**Note: forcing NDAs at the earliest stages seems to have a low payoff, only do that when the discussion gets serious (“Sign something once you’ve got a foot in the door, not still begging to be let inside”)


7b*. Raise smart money (if needed)

*Note: Again, it’s hard to tell whether 7 should come before 7b or whether they should be done sequentially or simultaneously. I guess it depends on where the momentum is the easiest to build and on available funds before raising/finding more capital

7b.1 Before you raise funds, write a business plan that covers:

  • The story or the problem you’re solving
  • All the information you gathered so far
  • Short and Long term economics and the assumptions behind
  • Cash-flows in the first three years and the assumptions behind. If you’re not the finance person, there are great templates online, which not only save you time, but also help you to make it right

7b.2 Write an executive summary for the above business plan

7b.3 Build a pitch-deck

7b.4 Remember that several options are available for raising funds (grants, banks, investors, love money, crowdfunding…)

7b.4 If you go with investors:

  • Make up a list of the best people, corporations and funds you could raise from
  • Prioritise them **
  • Contact them with confidence
  • Make sure that they understand the realities of a food business and are patient when it comes to growth
  • Sign Letters Of Intent (LOIs) with the interested investors
  • Build Momentum
  • Get the legal requirements finalised
  • Wrap-up the round

7b.5 If you go with love money make sure everyone understands what they are agreeing to and that the agreements are on paper

This video from Virgin StartUp has some additional information on that part:

**Note: Different strategies can exist when going through the prioritised list. You could go from Top-to-Bottom, trying as hard as you can with the top ones until you go to the next ones. Or you could go Bottom-to-Top in order to schedule the most important investor at last and practice your pitch with less important investor. Or you could use a mix of both of these strategies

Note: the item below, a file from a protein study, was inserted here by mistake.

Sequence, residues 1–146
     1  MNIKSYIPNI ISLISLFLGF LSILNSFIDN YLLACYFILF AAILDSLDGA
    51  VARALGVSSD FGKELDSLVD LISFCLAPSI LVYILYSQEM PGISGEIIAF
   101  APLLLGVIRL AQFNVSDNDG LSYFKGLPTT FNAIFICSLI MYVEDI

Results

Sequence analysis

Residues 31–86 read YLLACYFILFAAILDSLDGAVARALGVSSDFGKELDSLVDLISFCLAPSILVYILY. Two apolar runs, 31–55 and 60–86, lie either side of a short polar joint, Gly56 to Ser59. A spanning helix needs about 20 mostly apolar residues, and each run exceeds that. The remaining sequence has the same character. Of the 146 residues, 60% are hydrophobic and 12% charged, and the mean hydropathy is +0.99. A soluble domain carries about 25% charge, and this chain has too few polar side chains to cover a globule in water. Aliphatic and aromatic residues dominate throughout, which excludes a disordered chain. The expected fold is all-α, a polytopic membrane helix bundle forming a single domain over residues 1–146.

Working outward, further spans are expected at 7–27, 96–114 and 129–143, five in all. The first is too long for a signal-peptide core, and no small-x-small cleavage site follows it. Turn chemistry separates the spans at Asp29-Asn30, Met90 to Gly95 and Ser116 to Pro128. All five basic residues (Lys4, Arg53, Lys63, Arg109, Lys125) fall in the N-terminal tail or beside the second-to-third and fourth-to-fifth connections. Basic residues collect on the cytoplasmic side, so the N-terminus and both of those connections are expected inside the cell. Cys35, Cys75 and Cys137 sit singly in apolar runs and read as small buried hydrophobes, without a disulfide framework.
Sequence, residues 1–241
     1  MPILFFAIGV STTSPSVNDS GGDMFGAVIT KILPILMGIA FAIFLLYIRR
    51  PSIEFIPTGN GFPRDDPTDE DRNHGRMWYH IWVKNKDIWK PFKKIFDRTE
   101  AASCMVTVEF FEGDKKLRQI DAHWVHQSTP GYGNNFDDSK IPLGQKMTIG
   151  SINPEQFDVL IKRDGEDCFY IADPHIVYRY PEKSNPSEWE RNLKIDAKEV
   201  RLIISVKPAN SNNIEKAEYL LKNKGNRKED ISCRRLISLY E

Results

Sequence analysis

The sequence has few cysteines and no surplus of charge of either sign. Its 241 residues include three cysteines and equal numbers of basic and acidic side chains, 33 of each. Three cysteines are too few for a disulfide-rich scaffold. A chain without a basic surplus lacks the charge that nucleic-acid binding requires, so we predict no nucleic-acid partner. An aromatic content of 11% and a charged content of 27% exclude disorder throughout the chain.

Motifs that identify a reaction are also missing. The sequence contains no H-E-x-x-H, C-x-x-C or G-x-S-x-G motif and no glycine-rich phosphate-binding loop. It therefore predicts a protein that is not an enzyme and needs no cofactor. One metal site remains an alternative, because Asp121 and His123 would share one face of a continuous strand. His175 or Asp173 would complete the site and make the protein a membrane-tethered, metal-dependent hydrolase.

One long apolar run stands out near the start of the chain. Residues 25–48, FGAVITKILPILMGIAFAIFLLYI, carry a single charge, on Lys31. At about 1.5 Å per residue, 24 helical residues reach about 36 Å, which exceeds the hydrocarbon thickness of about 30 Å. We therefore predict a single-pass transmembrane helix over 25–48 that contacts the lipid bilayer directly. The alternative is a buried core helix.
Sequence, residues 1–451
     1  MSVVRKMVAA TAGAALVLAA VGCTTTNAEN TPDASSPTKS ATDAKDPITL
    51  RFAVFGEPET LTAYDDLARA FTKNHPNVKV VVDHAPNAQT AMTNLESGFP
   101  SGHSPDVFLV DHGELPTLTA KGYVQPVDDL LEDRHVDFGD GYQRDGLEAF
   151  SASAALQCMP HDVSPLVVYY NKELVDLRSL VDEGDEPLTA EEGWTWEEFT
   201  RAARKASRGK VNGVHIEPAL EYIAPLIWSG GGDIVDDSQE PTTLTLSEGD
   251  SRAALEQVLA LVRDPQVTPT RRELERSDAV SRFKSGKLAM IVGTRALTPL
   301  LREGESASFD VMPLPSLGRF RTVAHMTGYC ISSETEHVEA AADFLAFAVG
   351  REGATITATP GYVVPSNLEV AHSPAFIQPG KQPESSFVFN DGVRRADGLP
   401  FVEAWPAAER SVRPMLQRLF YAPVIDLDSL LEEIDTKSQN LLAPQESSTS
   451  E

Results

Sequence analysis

8. Perfect your product recipe

Once you start making samples, it’s time to perfect the recipe:

8.1 Work with the co-packer but make sure that:

  • You understand all the ingredients
  • You understand the whole process
  • You stay in control of the vision

8.2 Solicit the feedback of unbiased, candid third parties:

  • Do focus groups
  • Run surveys

Note: Value any certified sommelier’s opinion 10x


9. Get retail ready

Note: Retail is not the only path forward, but go through this list because retailers requirements are generally relevant for everyone and chances are that you’ll hit retailers at some point.

Quality assurance and category managers will look into the following things to decide wether they are selecting your product or not:

9.1 A detailed description of who the end consumer is

9.2 A clear description of what you bring:

  • Who the company is
  • What the product is with:
     a) Unique Selling Points (USPs)
     b) Key differentiators. It can be, but not limited to: quality, price to quality ratio, special origin, strong regional relevance, a strong brand, packaging, product innovation, specific accreditations (ex: Bio, Fairtrade, etc.), seasonal offer potential
     c) A clear price positioning
     d) Which category it belongs to and who the competitors are